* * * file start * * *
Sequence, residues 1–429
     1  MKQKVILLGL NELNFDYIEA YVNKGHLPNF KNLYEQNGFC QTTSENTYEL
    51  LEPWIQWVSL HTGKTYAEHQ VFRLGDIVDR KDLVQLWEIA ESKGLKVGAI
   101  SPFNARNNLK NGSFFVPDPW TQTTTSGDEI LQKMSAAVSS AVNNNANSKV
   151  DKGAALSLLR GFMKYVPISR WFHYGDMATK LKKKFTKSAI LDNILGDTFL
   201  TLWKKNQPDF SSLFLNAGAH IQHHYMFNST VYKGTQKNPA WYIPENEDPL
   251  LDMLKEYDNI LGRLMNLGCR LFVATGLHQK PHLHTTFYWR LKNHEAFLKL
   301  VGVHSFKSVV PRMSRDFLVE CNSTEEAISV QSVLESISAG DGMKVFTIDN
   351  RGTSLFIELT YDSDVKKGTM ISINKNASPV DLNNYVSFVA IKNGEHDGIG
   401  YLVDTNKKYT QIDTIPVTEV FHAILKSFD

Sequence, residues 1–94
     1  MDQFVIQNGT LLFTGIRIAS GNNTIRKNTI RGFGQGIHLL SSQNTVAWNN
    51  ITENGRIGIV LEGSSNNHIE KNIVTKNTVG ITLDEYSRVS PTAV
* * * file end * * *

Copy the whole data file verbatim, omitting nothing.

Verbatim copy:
Sequence, residues 1–429
     1  MKQKVILLGL NELNFDYIEA YVNKGHLPNF KNLYEQNGFC QTTSENTYEL
    51  LEPWIQWVSL HTGKTYAEHQ VFRLGDIVDR KDLVQLWEIA ESKGLKVGAI
   101  SPFNARNNLK NGSFFVPDPW TQTTTSGDEI LQKMSAAVSS AVNNNANSKV
   151  DKGAALSLLR GFMKYVPISR WFHYGDMATK LKKKFTKSAI LDNILGDTFL
   201  TLWKKNQPDF SSLFLNAGAH IQHHYMFNST VYKGTQKNPA WYIPENEDPL
   251  LDMLKEYDNI LGRLMNLGCR LFVATGLHQK PHLHTTFYWR LKNHEAFLKL
   301  VGVHSFKSVV PRMSRDFLVE CNSTEEAISV QSVLESISAG DGMKVFTIDN
   351  RGTSLFIELT YDSDVKKGTM ISINKNASPV DLNNYVSFVA IKNGEHDGIG
   401  YLVDTNKKYT QIDTIPVTEV FHAILKSFD

Sequence, residues 1–94
     1  MDQFVIQNGT LLFTGIRIAS GNNTIRKNTI RGFGQGIHLL SSQNTVAWNN
    51  ITENGRIGIV LEGSSNNHIE KNIVTKNTVG ITLDEYSRVS PTAV